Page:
In Australia, this deficit tax isn’t going away:
‘PM, Hockey push ahead on debt tax’ is the front page headline on today’s Financial Review. The article says that 72% of people view the proposed tax as a broken promise, which has seen support for the government plummet.
In our view, the ‘broken promise’ bit is a non-issue. That’s what government’s do. They promise stuff to get into government and then back track, lie and renege when they gain power. It’s been happening for as long as ‘democracy’ has existed.
But instead of being annoyed, we’re meant to thank them for it. The Sydney Morning Herald quotes PM Abbot giving a sales pitch to middle Australia on the Today show this morning:
‘No one likes difficult decisions. Governments don’t like difficult decisions… but you’ve just got to make hard decisions at a time like this, otherwise our country is doomed to years of economic stagnation and I think in the long run, the voters will thank us for doing what is absolutely necessary.’
Sorry Tony, this is an easy decision. The hard decision would be to p*iss off a whole bunch of vested interest groups (who no doubt fill Liberal party coffers) by going after genuine long term tax reform. Stop pretending you’re doing something difficult. We don’t buy it. It’s just easier to irk voters rather than special interest groups that provide financial support.
As we said last week, our issue with the deficit levy is not that it’s a lie, it’s just dumb policy. It will be costly to implement and administer, and do nothing to address the structural spending and tax issues inherent in our current tax structure. This is a perfect opportunity to bring about long lasting tax reform, but instead we’re heading down dumb street, again.
This is all happening while our manufacturing sector is in deep recession. And today we get news that the services sector is not far behind. The services sector slipped 0.3 points in the Performance of Services Index (PSI) in April to 48.6 points (a reading below 50 indicates contraction). From the media release:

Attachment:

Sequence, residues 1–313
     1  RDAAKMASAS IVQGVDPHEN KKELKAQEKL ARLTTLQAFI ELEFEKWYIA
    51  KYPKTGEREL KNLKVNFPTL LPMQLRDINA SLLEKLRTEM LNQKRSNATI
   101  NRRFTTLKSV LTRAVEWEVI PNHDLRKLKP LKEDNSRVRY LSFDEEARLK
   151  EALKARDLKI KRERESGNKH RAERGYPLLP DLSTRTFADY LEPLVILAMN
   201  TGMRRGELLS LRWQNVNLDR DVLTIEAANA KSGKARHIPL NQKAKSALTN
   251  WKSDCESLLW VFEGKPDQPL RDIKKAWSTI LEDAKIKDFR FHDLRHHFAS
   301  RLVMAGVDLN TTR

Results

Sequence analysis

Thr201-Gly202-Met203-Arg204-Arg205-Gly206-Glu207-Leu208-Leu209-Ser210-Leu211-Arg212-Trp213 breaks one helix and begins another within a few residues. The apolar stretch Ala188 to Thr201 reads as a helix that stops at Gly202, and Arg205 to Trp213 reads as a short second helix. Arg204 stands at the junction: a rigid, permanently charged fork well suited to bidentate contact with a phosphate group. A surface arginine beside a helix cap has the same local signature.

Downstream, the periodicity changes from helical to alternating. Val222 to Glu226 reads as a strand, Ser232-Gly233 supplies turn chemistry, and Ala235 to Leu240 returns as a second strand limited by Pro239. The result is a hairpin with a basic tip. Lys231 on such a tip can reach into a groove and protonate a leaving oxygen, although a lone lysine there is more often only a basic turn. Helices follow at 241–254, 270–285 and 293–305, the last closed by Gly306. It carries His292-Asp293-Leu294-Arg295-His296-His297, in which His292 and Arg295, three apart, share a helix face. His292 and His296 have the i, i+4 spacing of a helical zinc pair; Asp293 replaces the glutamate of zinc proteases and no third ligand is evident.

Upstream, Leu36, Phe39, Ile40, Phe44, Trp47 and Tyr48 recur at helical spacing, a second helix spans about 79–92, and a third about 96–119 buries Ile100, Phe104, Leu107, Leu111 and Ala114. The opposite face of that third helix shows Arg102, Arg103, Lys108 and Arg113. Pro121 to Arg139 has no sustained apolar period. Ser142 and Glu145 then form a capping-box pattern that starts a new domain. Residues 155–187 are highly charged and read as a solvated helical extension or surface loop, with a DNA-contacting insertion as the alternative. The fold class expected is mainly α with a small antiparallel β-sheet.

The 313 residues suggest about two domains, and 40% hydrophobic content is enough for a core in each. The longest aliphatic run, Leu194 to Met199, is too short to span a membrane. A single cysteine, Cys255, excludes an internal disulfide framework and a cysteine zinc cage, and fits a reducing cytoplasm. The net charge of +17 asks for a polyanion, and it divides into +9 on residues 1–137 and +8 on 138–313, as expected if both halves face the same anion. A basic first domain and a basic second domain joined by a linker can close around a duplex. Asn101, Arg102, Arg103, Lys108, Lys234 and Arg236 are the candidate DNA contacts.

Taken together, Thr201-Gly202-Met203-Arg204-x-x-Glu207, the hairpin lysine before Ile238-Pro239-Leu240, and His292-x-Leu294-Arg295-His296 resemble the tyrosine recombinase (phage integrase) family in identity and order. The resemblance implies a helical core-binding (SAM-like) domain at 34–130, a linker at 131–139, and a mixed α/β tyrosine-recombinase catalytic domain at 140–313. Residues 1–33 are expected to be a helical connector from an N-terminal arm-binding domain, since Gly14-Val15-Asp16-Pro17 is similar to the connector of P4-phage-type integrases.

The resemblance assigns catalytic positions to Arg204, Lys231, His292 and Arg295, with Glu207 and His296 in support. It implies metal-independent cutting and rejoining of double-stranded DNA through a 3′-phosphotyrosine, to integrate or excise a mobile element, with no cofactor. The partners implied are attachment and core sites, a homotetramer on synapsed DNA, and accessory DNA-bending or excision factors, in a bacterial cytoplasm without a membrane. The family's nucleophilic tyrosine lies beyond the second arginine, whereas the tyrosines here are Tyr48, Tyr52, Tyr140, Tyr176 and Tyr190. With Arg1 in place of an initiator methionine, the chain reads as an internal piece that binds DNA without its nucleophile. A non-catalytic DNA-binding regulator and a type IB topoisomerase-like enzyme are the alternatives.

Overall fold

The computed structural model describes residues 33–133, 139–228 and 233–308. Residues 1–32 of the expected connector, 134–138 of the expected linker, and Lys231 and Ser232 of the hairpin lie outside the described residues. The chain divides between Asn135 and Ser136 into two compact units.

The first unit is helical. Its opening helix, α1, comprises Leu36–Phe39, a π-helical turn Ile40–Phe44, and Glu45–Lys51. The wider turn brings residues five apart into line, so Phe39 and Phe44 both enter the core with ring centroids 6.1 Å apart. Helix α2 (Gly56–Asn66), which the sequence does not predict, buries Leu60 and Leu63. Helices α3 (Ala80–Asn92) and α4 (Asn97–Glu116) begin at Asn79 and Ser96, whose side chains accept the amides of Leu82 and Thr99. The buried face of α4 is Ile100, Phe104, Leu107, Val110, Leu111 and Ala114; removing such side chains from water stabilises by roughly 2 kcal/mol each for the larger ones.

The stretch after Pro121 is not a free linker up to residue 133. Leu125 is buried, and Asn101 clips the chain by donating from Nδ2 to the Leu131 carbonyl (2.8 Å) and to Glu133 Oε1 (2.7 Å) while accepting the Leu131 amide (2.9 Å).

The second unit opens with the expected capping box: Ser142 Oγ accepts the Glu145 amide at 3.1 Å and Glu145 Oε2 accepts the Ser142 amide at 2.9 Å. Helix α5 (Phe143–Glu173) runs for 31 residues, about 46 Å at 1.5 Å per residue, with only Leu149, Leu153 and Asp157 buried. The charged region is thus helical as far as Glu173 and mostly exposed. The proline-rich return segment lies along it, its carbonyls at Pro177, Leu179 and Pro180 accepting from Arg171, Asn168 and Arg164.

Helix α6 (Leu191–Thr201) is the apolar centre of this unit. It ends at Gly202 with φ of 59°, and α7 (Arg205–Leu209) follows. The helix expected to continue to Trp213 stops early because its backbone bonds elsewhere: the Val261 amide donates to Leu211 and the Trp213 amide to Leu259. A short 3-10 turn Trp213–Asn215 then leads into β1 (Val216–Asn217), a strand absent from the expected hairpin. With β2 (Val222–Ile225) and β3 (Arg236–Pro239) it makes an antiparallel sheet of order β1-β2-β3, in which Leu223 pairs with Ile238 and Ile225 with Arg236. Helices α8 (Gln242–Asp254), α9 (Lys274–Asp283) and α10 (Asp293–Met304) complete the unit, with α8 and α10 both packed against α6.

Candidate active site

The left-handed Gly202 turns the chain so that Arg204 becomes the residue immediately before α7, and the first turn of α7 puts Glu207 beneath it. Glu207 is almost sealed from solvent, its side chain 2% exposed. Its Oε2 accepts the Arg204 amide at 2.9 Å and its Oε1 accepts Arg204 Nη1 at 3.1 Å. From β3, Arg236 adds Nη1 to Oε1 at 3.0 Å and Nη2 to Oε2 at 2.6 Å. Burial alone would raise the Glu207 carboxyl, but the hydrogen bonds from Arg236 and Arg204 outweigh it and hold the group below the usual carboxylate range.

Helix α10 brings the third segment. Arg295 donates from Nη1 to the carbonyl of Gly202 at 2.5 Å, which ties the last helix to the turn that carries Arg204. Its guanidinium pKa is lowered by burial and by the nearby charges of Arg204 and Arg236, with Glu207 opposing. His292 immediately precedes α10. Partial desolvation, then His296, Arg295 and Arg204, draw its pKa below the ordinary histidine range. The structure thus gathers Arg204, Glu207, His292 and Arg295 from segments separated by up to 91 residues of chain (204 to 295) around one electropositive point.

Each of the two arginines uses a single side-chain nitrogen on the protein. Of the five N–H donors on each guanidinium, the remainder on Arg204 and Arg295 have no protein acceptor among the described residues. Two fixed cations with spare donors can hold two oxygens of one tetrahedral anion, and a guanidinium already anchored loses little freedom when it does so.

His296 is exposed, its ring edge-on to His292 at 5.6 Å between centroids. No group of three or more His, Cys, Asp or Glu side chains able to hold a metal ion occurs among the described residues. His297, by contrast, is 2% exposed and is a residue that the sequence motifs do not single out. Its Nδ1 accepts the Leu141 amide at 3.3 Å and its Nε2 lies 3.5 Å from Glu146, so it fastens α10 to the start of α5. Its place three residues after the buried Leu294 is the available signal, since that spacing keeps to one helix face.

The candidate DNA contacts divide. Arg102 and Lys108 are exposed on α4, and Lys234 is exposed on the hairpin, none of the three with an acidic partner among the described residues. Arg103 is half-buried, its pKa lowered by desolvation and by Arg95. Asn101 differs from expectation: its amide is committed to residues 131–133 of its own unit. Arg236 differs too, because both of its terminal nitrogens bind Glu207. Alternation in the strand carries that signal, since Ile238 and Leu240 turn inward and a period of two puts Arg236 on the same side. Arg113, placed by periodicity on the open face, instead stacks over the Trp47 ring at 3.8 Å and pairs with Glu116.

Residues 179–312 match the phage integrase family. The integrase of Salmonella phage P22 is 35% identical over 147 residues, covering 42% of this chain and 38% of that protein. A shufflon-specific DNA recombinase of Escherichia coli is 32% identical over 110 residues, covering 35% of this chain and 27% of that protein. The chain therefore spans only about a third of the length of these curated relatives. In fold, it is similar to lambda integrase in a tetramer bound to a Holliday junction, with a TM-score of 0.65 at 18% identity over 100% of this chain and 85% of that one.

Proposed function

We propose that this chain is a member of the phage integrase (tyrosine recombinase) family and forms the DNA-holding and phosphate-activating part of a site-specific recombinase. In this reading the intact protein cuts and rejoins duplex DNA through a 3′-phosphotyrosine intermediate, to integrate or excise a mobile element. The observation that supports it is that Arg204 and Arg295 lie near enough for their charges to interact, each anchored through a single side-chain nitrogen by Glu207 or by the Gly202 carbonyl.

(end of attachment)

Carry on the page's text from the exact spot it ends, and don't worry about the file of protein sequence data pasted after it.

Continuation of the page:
‘The soft result this month was evident in the sales, new orders and employment subindexes, which were all below 50 points (indicating contraction). In particular, the sales sub-index of the Australian PSI®fell sharply in April to 44.6 points, the lowest reading since August 2013.’
But don’t worry. Australia’s finance/debt/property Ponzi economy continues to deliver the confidence necessary to keep things going. Westpac announced increased cash earnings of 8% year-on-year this morning. ‘Core’ earnings (earnings before tax and impairment charges) came in a little lower at 5% year-on-year growth.
But it wasn’t enough to keep shareholders happy. Westpac shares are lower in early trade. 5% underlying growth clearly isn’t enough to justify current lofty prices, especially when there’ll be no more interest rate tailwinds for the time being.
While the banks are struggling at these levels, the market is giving the iron ore miners some much needed love today. Perhaps it’s the news that shipments from Port Headline continue to grow, indicating solid Chinese demand for Australia’s largest export.
Exporting ever larger amounts into a market clearly on the brink of a property bust (which China is) wouldn’t be getting us too excited. Our hunch is that this is a short covering (minor) rally…and selling in the iron ore sector will pick up again before too long.
for The Markets and Money Australia
- Watch out! Trouble in this debt-fuelled market could spark a worldwide financial panic: Stocks won’t be the only markets that crash as Global Financial Crisis 2.0 sweeps across the planet. There’s another, multibillion dollar credit market relied upon by companies — as well as local, state and national governments — that’s poised to collapse once the credit bubble pops. And the fallout could severely impact your wealth.
- The presidential decision that paved the way to our six decade-long debt binge: Australia — and the rest of the world — is living a lie. Debt has funded our lifestyle, NOT production and savings. Today’s global debt stands at $200 trillion. That scary number is the official debt level. The real debt tally will spin your head…
- What happens when Australia’s gigantic credit bubble goes ‘pop’: We’ve experienced two previous credit bubbles from 1880–1892 and 1925–1932. The current credit bubble has been building since 1950. A 65 year build-up. What happens when this bubble finally pops? As Vern will show you…it’s not pretty.
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